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WHO Urges Stockpiling Bird-Flu Drugs

Countries should consider stockpiling antiviral drugs in case the bird flu striking Asia's poultry becomes equally contagious among people, the World Health Organization said Friday.

Indonesia meanwhile warned that it could lose a million jobs because of the avian influenza (search), and China, stung by criticism of its slow response to SARS last year, ordered its officials to act quickly to inform people about the outbreak.

The deadly virus is highly contagious among poultry, and millions of birds have died or have been destroyed in efforts to contain it.

The virus has killed 10 people — eight in Vietnam and two in Thailand — but so far there have been no reports of human-to-human transmission, with all cases traced to direct contact with sick birds.

Health experts fear that if avian influenza strikes someone suffering from human flu, the viruses could create a hybrid as deadly as bird flu and as contagious as human flu. That could cause a deadly global pandemic (search), the WHO has warned.

Because a vaccine for humans is many months away, and might not be widely available at first, countries need to consider stocking antiviral drugs, Klaus Stohr, WHO's chief flu expert, said.

The virus appears to be resistant to two older generic flu drugs, amantadine (search) and rimantadine (search). However, the newer flu drugs Tamiflu (search) and Relenza (search) are expected to work.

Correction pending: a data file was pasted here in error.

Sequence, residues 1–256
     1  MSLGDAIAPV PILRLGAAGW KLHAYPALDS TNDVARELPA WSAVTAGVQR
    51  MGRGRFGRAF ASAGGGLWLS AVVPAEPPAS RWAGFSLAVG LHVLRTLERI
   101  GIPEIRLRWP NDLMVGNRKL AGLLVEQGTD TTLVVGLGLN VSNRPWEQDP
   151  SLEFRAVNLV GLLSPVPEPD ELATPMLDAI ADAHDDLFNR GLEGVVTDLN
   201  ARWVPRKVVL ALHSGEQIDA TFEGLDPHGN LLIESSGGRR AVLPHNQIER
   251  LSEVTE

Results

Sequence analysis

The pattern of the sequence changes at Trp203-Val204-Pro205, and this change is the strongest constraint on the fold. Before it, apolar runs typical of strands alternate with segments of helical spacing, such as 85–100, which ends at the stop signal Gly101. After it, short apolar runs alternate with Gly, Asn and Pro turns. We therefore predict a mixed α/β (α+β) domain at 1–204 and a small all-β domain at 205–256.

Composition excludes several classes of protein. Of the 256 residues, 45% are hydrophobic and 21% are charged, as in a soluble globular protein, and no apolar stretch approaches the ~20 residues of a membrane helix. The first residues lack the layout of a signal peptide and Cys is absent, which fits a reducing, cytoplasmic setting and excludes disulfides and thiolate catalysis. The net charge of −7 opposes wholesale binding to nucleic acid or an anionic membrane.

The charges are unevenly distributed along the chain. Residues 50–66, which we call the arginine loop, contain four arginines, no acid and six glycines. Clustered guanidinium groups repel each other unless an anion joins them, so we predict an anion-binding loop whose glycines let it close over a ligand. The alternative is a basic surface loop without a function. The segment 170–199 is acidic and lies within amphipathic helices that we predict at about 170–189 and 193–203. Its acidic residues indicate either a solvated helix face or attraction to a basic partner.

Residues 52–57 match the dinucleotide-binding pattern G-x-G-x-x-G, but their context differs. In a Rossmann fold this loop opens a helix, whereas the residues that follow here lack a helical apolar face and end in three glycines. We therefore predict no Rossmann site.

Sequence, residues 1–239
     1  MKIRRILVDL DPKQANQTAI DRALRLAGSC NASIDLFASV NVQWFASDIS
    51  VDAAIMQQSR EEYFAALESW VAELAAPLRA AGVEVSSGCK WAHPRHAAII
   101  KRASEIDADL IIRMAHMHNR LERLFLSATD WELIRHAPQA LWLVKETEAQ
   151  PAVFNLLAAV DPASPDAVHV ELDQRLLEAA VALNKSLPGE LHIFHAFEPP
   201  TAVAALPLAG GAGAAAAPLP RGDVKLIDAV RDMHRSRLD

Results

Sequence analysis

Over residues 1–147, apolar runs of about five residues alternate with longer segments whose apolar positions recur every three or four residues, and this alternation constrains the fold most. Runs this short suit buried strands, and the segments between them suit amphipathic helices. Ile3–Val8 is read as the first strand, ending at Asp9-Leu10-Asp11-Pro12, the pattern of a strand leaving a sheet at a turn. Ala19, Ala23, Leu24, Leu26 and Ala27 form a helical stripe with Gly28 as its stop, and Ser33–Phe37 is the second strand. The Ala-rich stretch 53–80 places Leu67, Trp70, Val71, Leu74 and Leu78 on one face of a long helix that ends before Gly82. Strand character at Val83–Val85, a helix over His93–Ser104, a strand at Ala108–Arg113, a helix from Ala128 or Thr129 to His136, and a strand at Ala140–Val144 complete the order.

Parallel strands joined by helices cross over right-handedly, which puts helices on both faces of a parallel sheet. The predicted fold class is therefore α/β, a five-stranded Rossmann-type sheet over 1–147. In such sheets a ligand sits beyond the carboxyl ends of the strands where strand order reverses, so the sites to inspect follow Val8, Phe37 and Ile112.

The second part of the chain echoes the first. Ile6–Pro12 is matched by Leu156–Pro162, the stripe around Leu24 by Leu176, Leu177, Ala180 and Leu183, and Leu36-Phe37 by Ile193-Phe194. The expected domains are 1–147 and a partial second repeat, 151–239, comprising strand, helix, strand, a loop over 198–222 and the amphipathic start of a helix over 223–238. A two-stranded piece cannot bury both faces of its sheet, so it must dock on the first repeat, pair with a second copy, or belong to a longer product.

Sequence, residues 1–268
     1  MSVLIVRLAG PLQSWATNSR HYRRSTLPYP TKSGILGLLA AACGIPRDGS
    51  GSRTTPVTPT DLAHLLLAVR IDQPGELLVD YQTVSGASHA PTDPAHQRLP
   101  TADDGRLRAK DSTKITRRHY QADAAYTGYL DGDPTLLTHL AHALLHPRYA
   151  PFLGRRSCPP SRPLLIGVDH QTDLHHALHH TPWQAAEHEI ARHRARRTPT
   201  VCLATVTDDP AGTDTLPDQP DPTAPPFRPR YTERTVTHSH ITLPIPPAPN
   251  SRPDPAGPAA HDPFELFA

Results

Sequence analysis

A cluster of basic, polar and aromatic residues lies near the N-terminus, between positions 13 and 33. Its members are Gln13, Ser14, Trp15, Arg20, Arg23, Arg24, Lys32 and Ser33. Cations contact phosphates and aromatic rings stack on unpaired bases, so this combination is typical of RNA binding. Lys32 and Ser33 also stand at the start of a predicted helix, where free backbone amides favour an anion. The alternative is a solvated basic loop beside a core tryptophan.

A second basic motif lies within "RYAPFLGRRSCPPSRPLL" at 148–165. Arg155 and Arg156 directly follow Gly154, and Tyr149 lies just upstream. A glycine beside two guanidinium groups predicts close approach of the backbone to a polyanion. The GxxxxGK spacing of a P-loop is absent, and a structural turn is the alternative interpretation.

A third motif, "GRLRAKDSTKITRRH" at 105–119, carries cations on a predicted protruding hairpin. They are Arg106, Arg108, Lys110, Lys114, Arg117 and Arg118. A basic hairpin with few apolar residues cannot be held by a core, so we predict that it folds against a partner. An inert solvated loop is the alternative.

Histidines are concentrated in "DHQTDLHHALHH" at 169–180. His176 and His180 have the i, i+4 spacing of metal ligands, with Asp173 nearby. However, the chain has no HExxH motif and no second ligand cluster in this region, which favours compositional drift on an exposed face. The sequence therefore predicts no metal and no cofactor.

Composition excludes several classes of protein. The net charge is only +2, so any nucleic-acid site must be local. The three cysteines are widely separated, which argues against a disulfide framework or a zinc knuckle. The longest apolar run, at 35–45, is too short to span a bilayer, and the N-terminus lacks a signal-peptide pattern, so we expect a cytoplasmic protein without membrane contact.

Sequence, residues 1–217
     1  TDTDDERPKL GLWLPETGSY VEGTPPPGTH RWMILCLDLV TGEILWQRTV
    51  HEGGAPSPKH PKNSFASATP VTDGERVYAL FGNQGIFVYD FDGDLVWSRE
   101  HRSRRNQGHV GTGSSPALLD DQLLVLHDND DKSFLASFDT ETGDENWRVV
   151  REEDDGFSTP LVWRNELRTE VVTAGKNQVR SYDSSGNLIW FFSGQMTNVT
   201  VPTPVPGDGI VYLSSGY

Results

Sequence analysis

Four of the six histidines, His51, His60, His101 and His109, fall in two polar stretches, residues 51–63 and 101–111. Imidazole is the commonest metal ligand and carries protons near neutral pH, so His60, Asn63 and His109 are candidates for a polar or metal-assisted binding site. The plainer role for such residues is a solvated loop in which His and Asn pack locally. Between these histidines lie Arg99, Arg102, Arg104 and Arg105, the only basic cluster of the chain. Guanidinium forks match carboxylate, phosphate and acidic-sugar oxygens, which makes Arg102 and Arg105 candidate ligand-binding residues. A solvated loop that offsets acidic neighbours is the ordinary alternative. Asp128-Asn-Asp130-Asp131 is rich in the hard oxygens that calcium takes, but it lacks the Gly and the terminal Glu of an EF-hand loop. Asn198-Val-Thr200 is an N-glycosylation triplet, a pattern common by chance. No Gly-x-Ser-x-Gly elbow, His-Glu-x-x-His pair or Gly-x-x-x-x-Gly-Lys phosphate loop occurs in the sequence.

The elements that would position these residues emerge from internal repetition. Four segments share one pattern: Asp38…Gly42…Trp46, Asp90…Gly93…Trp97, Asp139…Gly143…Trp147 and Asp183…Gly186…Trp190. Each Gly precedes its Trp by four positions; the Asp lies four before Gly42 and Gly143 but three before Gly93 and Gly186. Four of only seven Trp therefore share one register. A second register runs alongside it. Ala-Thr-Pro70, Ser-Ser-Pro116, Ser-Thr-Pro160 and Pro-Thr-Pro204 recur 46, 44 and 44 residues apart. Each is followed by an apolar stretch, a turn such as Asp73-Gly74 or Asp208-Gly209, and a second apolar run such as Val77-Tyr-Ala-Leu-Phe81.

Some countries already are negotiating with companies to supply the more popular flu drug Tamiflu, and Japan wants 40 tons of the drug, Stohr said.

The World Health Organization also said that some workers in parts of Asia are not wearing adequate protective gear as they slaughter contaminated birds.

Indonesia, which for days insisted that large-scale slaughter of chickens was not necessary, reversed that decision and ordered a mandatory mass cull of poultry in infected areas.

Sofyan Sudrajad, an Agriculture Ministry official, said Friday that the outbreak could leave 1.25 million people jobless and cost the country $916 million. Japan, a big chicken customer, has banned Indonesian imports.

Vietnam said it may be necessary to destroy all the chickens in the country.

Thailand also said that bird flu has been found in poultry in a province bordering the popular tourist resort of Phuket, the first time the virus has been detected in the country's south.

China confirmed cases of bird flu Friday in poultry in two central provinces and said it was investigating suspected cases in three other regions.

Also Friday, the State Council, China's Cabinet, set up a national command center to battle bird flu and named a vice premier to run it. The move came a day after Premier Wen Jiabao issued an eight-point directive instructing agencies to deal with the problem aggressively.

The Chinese government was criticized for its early failure to respond to pleas for information and action during last year's outbreak of severe acute respiratory disease, or SARS, which eventually killed 349 people on China's mainland.

In the Philippines, which has not reported any bird flu, officials hosted a chicken lunch Friday with a WHO representative to underscore that properly cleaned and cooked poultry poses no danger.

Officials in India, which has been spared a bird flu outbreak so far, said they expected a windfall in chicken orders from Middle Eastern and European countries that typically import from Asian countries now affected by the virus.

Malaysia Airlines, meanwhile, said Friday it has stopped serving chicken on international flights, although there is no indication so far that bird flu is spreading to people who eat poultry products that are well prepared.

The airline said it had stopped taking chicken on board in countries affected by the regional avian flu outbreak, and chicken meals had been removed from in-flight menus in anticipation of falling demand caused by fears the virus.